Othering Each Other: Mimicry, Ambivalence and Abjection in Toni Morrison’s The Bluest Eye

Shima Peimanfard, Fazel Asadi Amjad


This study examines the intersections of Post colonialism and Psychoanalysis in Toni Morrison’s The Bluest Eye. It also aims to challenge Bhabha’s notions of mimicry and ambivalence as he deems them to be great forms of resistance against White supremacy. Indeed, The Bluest Eye considers Bhabha’s notion of mimicry as an oppressive strategy, especially when adopted by colonized characters like Pecola in their futile attempts to imbibe the imposed images of white culture. In addition to this literary inspiration, Julia Kristeva is among those Psychoanalytic critics who gives a further boost to my argument against Bhabha; remarking that mimicry creates the hazards of absorbing the norms of the dominant culture, and can result in psychological forms of oppression posed to the colonized, namely abjection. For instance, in Morrison’s The Bluest Eye, the non-whites use mimicry as the sole arena of struggle to get out of the marsh of abjection and create a sense of self; failing to grasp that mimicry itself contains the threat of ridding them to abjection and the vicious circle of ‘othering each other.’ Therefore, Bhabha’s ambivalent experience, to which the colonized is promoted through manifesting feats of mimicry is indeed a trap; for the voice that comes out of such experience is psychotic.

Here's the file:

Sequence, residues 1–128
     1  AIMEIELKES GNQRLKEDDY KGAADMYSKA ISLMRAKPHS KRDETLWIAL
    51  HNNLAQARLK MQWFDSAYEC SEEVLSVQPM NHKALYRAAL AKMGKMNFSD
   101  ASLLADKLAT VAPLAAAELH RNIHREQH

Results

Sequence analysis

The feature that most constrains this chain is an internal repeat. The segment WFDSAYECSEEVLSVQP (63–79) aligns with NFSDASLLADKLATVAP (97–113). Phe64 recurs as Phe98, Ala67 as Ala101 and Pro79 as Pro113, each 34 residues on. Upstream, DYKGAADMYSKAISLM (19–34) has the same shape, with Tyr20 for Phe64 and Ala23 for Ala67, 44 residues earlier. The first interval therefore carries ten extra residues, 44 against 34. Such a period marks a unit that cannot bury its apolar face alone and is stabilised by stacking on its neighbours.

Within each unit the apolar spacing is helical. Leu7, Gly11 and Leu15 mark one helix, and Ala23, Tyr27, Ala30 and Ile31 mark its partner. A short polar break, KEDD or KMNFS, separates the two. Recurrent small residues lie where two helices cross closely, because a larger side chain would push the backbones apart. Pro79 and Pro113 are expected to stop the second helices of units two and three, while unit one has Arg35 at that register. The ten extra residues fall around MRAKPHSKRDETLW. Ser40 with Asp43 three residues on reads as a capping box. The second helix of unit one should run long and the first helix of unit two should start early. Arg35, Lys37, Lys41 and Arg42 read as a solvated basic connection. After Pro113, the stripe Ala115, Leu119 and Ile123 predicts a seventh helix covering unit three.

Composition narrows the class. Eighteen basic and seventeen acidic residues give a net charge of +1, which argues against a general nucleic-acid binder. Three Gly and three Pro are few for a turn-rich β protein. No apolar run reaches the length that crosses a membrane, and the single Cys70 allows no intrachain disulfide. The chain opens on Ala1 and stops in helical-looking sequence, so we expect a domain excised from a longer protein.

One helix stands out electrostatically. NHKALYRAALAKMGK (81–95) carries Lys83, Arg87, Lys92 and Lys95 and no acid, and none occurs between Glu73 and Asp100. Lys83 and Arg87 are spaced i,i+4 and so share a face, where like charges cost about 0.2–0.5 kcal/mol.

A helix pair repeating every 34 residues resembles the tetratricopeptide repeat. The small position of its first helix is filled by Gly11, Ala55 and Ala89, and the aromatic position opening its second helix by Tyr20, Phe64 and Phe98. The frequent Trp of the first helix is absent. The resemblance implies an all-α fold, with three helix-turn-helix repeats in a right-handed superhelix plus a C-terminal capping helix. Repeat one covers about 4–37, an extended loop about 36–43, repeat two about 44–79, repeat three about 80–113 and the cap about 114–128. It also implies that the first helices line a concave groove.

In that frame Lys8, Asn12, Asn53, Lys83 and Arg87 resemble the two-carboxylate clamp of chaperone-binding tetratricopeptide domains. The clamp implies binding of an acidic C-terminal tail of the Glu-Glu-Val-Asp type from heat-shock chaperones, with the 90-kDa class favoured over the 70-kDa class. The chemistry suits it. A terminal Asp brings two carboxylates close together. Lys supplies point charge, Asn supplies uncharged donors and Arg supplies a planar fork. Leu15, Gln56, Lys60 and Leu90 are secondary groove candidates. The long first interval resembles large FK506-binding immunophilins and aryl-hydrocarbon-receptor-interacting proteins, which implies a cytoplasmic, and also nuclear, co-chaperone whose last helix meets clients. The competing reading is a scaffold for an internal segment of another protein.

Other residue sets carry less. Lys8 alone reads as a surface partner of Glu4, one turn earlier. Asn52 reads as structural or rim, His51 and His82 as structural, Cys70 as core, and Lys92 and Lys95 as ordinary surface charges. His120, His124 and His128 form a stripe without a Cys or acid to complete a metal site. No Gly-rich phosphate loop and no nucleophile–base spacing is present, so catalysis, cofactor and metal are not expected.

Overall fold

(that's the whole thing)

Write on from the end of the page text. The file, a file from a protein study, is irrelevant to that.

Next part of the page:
Toni Morrison, The Bluest Eye, Mimicry, Ambivalence, Abjection, Self-abhorrence

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DOI: https://doi.org/10.7575/aiac.ijalel.v.7n.4p.115


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